The Minister of Communications Stella Ndabeni-Abrahams hosted a roundtable discussion at November 2019’s AfricaCom titled, ‘Fourth Industrial Revolution (4IR) Human Capital Development for Africa.’ She has also recently spoken of an ecosystem of 4IR in “building a capable 4AR Army” to respond to challenges regarding economic growth faced in the youth sector.
Also recently, a report from the African Development Bank (AfDB) was launched at the Africa Investment Forum that shows a continent that is ready to embrace 4IR but needs to improve access to finance, skills and inclusive growth. The report, titled Potential of the Fourth Industrial Revolution in Africa, highlighted specific areas of growth and investment on the continent, most notably in new technology-led areas of Artificial Intelligence (AI), Big Data Analytics, additive manufacturing and drones, and the internet of things.
While the report, and the related discussion at The Investment Forum highlighted many of the challenges facing Africa such as lack of coherent, policy, investment in connectivity infrastructure and access to data and the internet, it also noted that for the first time Africa is embarking on an industrial revolution at the same time as the rest of the world.
In September this year, an investment of R140-million ($9.2 million) by US multinational technology conglomerate Cisco was signed as part of a partnership with government in three key areas: job creation through Cisco incubation centres, skills and talent development and National Cyber Security.
The Kagiso Trust also just published the findings of a recently commissioned qualitative and quantitative research study, the first South African study to evaluate, on a large scale, citizen awareness of 4IR and its potential impact on South African society in general.
Some of the results of the research study were:
- Almost half (49.1%) of the respondents believe there will be a societal impact from 4IR
- 2 in 5 of the respondents believe that there will be no job creation with the advent of 4IR
- Just over half of the respondents believe that 4IR will result in large-scale job losses
- Only a quarter of the respondents believe that the 4IR will improve societal equality
With so many developments rapidly taking place, and the still general lack of understanding about just what 4IR entails, it is critical to take a few steps back and clarify some of the essential points around 4IR and how we embrace and proactively address the needs of the 4IR future.
4IR refers to a new era that is rooted in a new technological phenomenon – digitalisation, artificial intelligence, algorithms and data. In order for an economy to benefit from these changes, as opposed to suffer the consequences of the much predicted mass-unemployment that this revolution will hail, there needs to be a 4IR ready workforce.
While many of these technological innovations will mean job losses, there is also the massive opportunity to create jobs via some of the key skills areas required for this new world of work. Some of the essential skill sets include: the “Cloud”, artificial intelligence, the internet of things, data science and analytics, and cyber security.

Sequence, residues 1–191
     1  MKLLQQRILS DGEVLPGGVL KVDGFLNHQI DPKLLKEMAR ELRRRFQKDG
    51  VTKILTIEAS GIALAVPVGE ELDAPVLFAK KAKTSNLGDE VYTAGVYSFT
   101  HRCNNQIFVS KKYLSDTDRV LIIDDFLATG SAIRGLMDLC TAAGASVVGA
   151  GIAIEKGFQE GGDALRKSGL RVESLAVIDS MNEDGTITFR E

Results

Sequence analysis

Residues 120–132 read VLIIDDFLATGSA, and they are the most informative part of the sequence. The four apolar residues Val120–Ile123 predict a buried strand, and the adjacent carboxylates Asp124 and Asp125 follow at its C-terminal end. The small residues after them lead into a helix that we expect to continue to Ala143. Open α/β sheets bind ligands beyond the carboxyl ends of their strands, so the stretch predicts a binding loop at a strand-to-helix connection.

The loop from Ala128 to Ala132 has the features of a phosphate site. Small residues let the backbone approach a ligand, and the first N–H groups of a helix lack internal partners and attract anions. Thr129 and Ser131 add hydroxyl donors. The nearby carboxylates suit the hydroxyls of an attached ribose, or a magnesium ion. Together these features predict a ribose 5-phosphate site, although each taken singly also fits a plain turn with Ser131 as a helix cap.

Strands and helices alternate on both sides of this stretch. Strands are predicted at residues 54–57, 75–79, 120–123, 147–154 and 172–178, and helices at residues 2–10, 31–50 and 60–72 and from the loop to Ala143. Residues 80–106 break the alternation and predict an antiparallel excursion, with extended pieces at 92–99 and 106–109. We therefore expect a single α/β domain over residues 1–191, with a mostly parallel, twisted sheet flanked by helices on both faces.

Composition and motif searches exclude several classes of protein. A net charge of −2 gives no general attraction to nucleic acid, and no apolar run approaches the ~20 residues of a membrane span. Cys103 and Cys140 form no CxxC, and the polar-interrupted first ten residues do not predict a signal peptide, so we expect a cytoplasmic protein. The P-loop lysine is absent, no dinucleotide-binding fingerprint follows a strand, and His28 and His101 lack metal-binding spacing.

What will work look like in 2030?
Earlier this year, the National Economic Development and Labour Council (NEDLAC) published a report on the future of work in SA. The report also imagines what the world of work will look like in SA by 2030. They listed the 12 main driving forces that will shape the South African workplace of the future and placed 4IR and technology at the top of the list. With the establishment of the Presidential Commission on the Fourth Industrial Revolution, of which the MICT SETA consults, policy is being developed to address 4IR across various sectors including agriculture, finance, mining, manufacturing, ICT and electronics and business.
For the MICT SETA (Media, Information, and Community Technology), this understanding is especially important as we work with both government and the private sector to train the next generation of workers.
In order to pro-actively address the imminent changes to the work force of South Africa, the MICT SETA has established a 4IR division and Advisory Committees with four work stream areas of focus: education, research, policy and labour. The division will input into Presidential 4IR Commission programmes and ensure alignment with other institutions such as SETAs, academia, public funded research institutions, labour and community on 4IR policy and implementation. The MICT SETA is also in the process of reviewing and developing new qualification that will address the 4IR skills needed for future of works.
As the Head of 4IR at the MICT SETA I am able to see first-hand both the challenges and the opportunities that lie ahead and am confident that the multi-faceted and collaborative approach that we are taking will yield results.
The opportunity to create a 4IR ready country and workforce will take an immense amount of resources – but fortunately the process has already begun and as we head into 2020 will accelerate into high gear.